UPDATE: Fernando Martinez and Ruben Tejada called up, not traded

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UPDATE: Enrique Rojas of ESPNDeportes.com reports that the Mets have summoned Fernando Martinez and Ruben Tejada from Triple-A Buffalo, as alluded to earlier. No word yet on what the corresponding roster moves will be.

9:19 AM: A source tells Ken Rosenthal of FOXSports.com that neither Fernando Martinez or Ruben Tejada were placed on waivers, and thus, can’t be traded. And honestly, you’d have to think someone would claim them before the Mariners would even have the chance.

Another source adds that the moves were “internal stuff,” meaning that Martinez and Tejada are likely to be called up from the minors, not traded. The current buzz is that Alex Cora and Jeff Francoeur could be on their way out to make room for the new arrivals, but nothing will be confirmed until later today. Carry on, everyone.

8:30 AM: Fernando Martinez and Ruben Tejada were scratched from last night’s game with Triple-A Buffalo, prompting many to wonder if a trade or a promotion were imminent. We got our answer just a little after 1 a.m. EST.

Two sources — one with ties to the Mets organization, the other formerly with the organization — tell Adam Rubin of ESPNNewYork.com that the Mariners are involved with trade dialogue with the Mets and that Martinez could be included in a potential deal.

Upon hearing this, I immediately racked my brain for the most obvious trade candidates from Seattle. Outside of Jose Lopez, David Aardsma or Brandon League, Chone Figgins strikes me as the most likely possibility. There were some conflicting reports about his availability around the trade deadline, but his big contract should be able to pass through waivers with relative ease.

Jeff Sullivan of Lookout Landing has come to a similar conclusion, thinking that the two teams are working on a mutual dump of Figgins and Luis Castillo. Figgins is owed $9 million in each of the next two seasons, $8 million in 2013 and has a $9 million vesting option for 2014. Castillo will make $6 million next season in the final year of a four-year, $25 million contract.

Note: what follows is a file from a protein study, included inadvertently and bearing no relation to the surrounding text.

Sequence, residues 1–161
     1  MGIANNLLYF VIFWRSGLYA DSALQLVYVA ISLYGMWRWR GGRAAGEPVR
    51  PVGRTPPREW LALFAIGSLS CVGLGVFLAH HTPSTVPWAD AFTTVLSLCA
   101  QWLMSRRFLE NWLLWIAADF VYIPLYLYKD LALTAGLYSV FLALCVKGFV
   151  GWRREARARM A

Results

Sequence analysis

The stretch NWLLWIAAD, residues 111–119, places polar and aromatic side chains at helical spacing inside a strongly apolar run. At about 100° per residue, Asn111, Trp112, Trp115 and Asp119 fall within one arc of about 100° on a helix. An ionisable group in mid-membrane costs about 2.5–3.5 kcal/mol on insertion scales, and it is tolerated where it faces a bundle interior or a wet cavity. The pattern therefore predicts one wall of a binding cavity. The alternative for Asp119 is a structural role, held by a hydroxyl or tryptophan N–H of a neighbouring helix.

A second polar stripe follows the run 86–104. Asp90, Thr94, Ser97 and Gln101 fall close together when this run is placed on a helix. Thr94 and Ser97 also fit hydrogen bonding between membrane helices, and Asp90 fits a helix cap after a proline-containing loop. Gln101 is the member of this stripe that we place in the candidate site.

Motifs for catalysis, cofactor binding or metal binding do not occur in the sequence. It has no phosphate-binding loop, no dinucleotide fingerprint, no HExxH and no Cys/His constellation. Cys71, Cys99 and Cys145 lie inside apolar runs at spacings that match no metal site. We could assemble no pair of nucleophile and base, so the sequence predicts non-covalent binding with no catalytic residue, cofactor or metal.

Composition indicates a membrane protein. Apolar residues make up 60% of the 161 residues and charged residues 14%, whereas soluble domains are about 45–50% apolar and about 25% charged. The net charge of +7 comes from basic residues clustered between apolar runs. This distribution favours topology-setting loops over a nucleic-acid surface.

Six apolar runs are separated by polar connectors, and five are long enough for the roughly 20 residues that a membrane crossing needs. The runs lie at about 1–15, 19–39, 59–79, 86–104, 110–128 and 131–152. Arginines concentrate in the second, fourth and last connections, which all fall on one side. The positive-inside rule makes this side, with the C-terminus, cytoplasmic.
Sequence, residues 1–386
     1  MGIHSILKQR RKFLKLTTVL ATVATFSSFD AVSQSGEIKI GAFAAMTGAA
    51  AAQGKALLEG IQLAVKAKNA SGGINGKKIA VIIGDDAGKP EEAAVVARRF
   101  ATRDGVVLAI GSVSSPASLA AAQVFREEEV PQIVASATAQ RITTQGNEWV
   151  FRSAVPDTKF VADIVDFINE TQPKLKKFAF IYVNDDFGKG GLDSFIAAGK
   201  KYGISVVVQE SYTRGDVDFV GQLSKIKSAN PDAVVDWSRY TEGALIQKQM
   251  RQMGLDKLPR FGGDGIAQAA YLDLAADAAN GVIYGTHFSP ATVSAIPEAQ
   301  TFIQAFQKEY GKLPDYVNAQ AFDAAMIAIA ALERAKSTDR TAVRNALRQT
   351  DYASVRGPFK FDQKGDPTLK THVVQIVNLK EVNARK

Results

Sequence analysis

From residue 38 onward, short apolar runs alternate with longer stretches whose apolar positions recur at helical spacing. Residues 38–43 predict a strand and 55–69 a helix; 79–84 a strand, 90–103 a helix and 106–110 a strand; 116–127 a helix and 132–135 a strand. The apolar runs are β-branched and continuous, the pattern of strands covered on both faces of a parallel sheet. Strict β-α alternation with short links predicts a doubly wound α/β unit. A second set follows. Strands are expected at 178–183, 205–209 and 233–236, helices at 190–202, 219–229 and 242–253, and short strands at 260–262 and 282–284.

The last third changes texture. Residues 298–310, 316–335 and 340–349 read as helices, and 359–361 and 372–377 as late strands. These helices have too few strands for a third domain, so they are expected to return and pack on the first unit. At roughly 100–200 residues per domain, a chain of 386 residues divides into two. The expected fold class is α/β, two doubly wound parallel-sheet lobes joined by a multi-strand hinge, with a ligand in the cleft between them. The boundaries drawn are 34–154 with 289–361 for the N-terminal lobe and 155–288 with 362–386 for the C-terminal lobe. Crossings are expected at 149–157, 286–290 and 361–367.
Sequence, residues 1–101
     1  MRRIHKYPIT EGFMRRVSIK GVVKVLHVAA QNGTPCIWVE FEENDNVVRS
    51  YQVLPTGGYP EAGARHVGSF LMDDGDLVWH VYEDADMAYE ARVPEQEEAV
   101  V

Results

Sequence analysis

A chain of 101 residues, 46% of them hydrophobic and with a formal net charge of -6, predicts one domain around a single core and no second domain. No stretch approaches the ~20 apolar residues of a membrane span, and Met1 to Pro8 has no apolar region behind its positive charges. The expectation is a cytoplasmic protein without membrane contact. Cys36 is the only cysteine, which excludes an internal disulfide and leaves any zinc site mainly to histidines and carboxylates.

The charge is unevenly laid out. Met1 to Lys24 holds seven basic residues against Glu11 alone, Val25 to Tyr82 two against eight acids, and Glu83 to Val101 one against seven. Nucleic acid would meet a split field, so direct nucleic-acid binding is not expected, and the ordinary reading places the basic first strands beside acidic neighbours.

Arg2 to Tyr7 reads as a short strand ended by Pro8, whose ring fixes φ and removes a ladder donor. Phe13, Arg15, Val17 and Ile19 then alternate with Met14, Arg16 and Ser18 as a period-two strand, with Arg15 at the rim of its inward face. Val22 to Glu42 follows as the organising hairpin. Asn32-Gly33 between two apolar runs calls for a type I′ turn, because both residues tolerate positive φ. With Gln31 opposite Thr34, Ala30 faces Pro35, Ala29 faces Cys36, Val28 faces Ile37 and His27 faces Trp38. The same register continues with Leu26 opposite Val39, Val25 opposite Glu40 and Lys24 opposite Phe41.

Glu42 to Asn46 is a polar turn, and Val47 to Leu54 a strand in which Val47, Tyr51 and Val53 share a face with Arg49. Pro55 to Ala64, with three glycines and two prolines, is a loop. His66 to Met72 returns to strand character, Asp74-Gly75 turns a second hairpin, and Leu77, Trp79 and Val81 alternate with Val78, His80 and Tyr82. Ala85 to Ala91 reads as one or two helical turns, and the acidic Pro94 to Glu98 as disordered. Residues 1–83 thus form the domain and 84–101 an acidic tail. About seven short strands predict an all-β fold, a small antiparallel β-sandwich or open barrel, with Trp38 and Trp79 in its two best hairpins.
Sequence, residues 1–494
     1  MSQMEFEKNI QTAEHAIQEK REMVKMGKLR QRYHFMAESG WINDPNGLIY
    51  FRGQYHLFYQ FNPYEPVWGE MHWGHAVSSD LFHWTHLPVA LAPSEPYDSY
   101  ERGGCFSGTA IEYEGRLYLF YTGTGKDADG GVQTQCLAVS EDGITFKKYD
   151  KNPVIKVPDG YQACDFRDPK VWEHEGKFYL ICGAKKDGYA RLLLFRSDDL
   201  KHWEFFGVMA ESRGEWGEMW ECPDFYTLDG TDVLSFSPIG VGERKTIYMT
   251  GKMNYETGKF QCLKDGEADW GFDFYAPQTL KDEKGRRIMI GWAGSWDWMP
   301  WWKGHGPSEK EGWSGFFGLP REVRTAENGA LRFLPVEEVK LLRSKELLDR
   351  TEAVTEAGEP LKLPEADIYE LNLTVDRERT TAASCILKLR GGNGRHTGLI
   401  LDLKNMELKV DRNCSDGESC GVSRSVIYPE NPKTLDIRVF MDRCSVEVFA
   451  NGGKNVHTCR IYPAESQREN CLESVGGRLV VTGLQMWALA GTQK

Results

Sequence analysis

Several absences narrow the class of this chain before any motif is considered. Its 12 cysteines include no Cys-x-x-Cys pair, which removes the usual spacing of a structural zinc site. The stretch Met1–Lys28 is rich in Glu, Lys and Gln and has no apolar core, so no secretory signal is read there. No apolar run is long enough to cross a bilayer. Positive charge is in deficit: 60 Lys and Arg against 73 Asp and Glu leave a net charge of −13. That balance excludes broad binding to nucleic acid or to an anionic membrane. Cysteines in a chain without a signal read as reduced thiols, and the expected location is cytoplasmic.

It’s all guess work for now, so feel free to post your theories in the comments.

Justin Turner is a postseason monster

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A not-insignificant amount of the Dodgers’ success in recent years has to do with the emergence of Justin Turner. In his first five seasons with the Orioles and Mets, he was a forgettable infielder who had versatility, but no power. The Mets non-tendered him after the 2013 season, a move they now really regret.

In four regular seasons since, as a Dodger, Turner has hit an aggregate .303/.378/.502. His 162-game averages over those four seasons: 23 home runs, 36 doubles, 83 RBI, 80 runs scored. And he’s also a pretty good third baseman, it turns out. The Dodgers have averaged 95 wins per season over the past four years.

Turner, 32, has gotten better and better with each passing year. This year, he drew more walks (59) than strikeouts (56), a club only five other players (min. 300 PA) belonged to, and he trailed only Joey Votto (1.61) in BB/K ratio (1.05). He zoomed past his previous career-high in OPS, finishing at .945. His .415 on-base percentage was fourth-best in baseball. His batting average was fifth-best and only nine points behind NL batting champion Charlie Blackmon.

It doesn’t seem possible, but Turner has been even better in the postseason. He exemplified that with his walk-off home run to win Game 2 of the NLCS against the Cubs. Overall, entering Wednesday night’s action, he was batting .363/.474/.613 in 97 postseason plate appearances. In Game 4, he went 2-for-2 with two walks, a single, and a solo home run. That increases his postseason slash line to .378/.495/.659, now across 101 plate appearances. That’s a 1.154 OPS. The career-high regular season OPS for future first-ballot Hall of Famer Albert Pujols was 1.114 in 2008, when he won his third career MVP Award. Statistically, in the postseason, Turner hits slightly better than Pujols did in the prime of his career. Of course, we should adjust for leagues and parks and all that, but to even be in that neighborhood is incredible.

In the age of stats, the concept of “clutch” has rightfully eroded. We don’t really allow players to ascend to godlike levels anymore like the way we did Derek Jeter, for instance. (Jeter’s career OPS in the playoffs, by the way, was a comparatively pitiful .838.) Turner isn’t clutch; he’s just a damn good hitter whose careful approach at the plate has allowed him to shine in the postseason and the Dodgers can’t imagine life without him.